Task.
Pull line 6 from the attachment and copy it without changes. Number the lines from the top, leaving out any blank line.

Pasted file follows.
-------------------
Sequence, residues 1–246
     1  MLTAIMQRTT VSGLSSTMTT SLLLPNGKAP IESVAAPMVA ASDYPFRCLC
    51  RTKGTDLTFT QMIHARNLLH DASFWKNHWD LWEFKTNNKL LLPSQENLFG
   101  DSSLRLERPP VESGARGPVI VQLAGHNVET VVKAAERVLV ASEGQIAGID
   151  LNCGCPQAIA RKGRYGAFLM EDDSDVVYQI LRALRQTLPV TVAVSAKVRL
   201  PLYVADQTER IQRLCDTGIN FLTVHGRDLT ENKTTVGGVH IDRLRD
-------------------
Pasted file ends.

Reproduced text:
   201  PLYVADQTER IQRLCDTGIN FLTVHGRDLT ENKTTVGGVH IDRLRD